LIVING LIGHT

21 April 2017





Sculpture

Photo courtesy of Marta Ferracin (http://www.martaferracin.com/)

Earlier this year a strange yet beautiful glow was illuminating from the Blue Mountains - all thanks to a collaboration between artist Marta Ferracin and chemist Dr Robert Baker.

Marta’s sculpture, entitled Organic Chemistry, was part of the sixth Sculpture at Scenic World festival, in Katoomba. A fascination with the way in which Nature uses chemistry to create light encouraged Marta to seek out some scientific expertise.

Expertise that came in the form of organic chemist, Rob Baker.

Through a series of experiments in the laboratory, Rob demonstrated to Marta some examples of chemilumonesence - the process by which chemical reactions generate a cold form of light. When such reactions take place in living things - like fireflies or glow worms - the phenomena is called bioluminescence.

Marta’s aim was to create an immersive artwork that could emulate this type of ‘living light’. But both collaborators soon realised that chemiluminescence couldn’t be used in her sculpture because of different restrictions with chemicals.

“It’s based on chemicals, so eventually the chemicals run out and the light is no longer emitted,” explained Rob.

Additionally, the liquid chemicals required could be brought into the natural environment, so Marta and Rob decided to illuminate the sculpture using different processes.

Marta used a mixture of phosphorescent and fluorescent pigments to create a resin, which she used to fill 1000s of pieces of disposable laboratory glassware to provide the building blocks for her sculpture.

The resin in the sculpture is ‘charged’ by irradiation from the sun and extra light sources that Marta sneaked beneath the canopy. When the light sources are removed, this energy is released by the resin as a different wavelength of light, resulting in a beautiful glow.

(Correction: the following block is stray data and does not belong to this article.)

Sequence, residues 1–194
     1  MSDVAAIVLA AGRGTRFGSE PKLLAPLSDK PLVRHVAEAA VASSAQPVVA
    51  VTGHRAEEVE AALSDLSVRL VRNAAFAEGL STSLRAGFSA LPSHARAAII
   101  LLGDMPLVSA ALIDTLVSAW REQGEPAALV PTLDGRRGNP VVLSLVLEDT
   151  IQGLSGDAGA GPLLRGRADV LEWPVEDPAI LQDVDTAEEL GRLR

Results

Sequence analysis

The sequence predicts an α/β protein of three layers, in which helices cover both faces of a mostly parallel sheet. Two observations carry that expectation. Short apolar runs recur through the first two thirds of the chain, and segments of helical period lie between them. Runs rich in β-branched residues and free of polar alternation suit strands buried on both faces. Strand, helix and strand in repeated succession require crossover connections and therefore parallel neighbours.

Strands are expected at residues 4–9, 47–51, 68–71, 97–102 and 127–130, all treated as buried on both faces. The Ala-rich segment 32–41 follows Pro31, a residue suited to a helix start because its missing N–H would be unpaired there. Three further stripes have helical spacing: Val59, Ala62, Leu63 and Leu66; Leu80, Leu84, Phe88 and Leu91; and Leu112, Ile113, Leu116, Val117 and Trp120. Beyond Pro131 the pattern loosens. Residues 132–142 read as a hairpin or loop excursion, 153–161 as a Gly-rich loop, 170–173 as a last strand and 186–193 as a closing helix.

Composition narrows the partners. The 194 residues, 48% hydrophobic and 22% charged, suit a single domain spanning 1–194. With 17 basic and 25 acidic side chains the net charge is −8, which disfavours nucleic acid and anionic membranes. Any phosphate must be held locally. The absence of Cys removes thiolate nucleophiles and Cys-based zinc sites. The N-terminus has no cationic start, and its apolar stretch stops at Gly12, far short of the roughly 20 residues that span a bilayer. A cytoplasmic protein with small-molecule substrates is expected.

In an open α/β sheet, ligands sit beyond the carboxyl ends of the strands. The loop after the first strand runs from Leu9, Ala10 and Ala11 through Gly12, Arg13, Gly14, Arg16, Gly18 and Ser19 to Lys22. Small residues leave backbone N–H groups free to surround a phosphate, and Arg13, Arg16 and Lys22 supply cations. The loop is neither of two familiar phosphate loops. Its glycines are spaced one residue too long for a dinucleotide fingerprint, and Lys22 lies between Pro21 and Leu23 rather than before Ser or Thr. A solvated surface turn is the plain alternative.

“Of course the most effective glowing is towards the end of the day when it’s all dark,” Marta explained. "... and it will be even more mysterious and beautiful during the night, but unfortunately it’s not open during the night and I think this performance will be only reserved for the Nature living in the forest.”

Both Marta and Rob strongly encourage other scientists and artists to collaborate and were struck by the similarity between their processes.

“We look very much alike, in the way that both of us are passionate about our projects and experiments,” said Marta. “We our curious about how to collect all of the data and the different ways in which the material react. And we are creative in some way, because Dr Baker is creating his research and I’m creating my artwork – I find it fascinating how these disciplines can blend together.”


ARTWORK BY MARTA FERRACIN

 

Sculpture

Photo courtesy of Marta Ferracin (http://www.martaferracin.com/)

Sculpture

Photo courtesy of Marta Ferracin (http://www.martaferracin.com/)

Sculpture

Photo courtesy of Marta Ferracin (http://www.martaferracin.com/)

Sculpture

Photo courtesy of Marta Ferracin (http://www.martaferracin.com/)

Sculpture

Photo courtesy of Marta Ferracin (http://www.martaferracin.com/)

Sculpture

Photo courtesy of Marta Ferracin (http://www.martaferracin.com/)

Sculpture

Photo courtesy of Marta Ferracin (http://www.martaferracin.com/)

Sculpture

Photo courtesy of Marta Ferracin (http://www.martaferracin.com/)

Sculpture

Photo courtesy of Marta Ferracin (http://www.martaferracin.com/)